However some properties of RFC4122 UUIDs are not well suited to this task. First, most of the existing UUID versions such as UUIDv4 have poor database index locality. Meaning new values created in succession are not close to each other in the index and thus require inserts to be performed at random locations. The negative performance effects of which on common structures used for this (B-tree and its variants) can be dramatic. As such newly inserted values SHOULD be time-ordered to address this.

It cites a number of custom unique identifier schemas used by large-scale services, such as:

One thing you'll notice about all of these schemes is that they're time-based, and the timestamp is the first component so sorting the ID as bytes also sorts by time. The proposed new UUID formats incorporate many of those techniques.

Version 6 UUIDs, as implemented in this project, have fixed-size timestamp, sequence counter, and node ID components. The proposal also includes v7 and v8 UUIDs (not implemented, maybe one day?), which allow for variable-sized components which implementations can customise.

How can I try time-ordered UUIDs?

UniqueID is losslessly convertible to Foundation's UUID. They have the same storage, the same string representation, and encode/decode to the same JSON values. Because of this, you only need to change how you generate your existing UUIDs - use UUID(.timeOrdered()) to create a time-ordered ID.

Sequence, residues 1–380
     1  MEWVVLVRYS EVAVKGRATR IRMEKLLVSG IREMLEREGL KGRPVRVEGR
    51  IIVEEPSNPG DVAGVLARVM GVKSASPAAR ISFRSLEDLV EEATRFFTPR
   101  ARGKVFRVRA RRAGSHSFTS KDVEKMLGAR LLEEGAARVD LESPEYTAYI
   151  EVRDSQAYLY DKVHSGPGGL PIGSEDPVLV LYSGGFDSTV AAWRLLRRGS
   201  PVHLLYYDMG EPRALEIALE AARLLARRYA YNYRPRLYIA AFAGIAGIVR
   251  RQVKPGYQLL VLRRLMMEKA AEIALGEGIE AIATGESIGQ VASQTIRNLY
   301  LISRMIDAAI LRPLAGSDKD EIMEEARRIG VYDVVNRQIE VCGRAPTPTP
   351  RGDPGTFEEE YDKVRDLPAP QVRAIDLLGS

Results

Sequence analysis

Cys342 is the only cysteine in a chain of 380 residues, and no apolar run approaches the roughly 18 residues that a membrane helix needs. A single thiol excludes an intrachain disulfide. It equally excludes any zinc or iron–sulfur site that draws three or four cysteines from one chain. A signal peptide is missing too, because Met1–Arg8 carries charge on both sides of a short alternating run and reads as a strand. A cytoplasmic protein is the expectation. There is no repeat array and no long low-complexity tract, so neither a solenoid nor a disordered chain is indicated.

import Foundation
import UniqueID

// Change from UUID() to UUID(.timeOrdered()).
struct MyRecord {
  var id: UUID = UUID(.timeOrdered())
  var name: String
}

// Read the timestamp by converting to UniqueID.
let uniqueID = UniqueID(myRecord.id)
print(uniqueID.components(.timeOrdered)?.timestamp)

Do remember though: they are still in draft form, and it is possible (although unlikely) that the format will be changed in the future.

What are some other cool things?

  • More lenient parsing than UUID; accepts dash-less UUIDs such as 1ec3a5fb6fe964d88004c750087bf2db. You often see this in URLs.

  • More serialisation options than UUID.

  • UUIDv6 allows you to use a stable node identifier, meaning you can guarantee collision avoidance in many applications - for example, 48 bits may be sufficient to create a combined
    [ user ID | device ID | process counter ] value, with user and device ID combinations being guaranteed unique by a server and reflecting that, at any particular time, a given user's device only has a limited number of processes generating IDs for your database.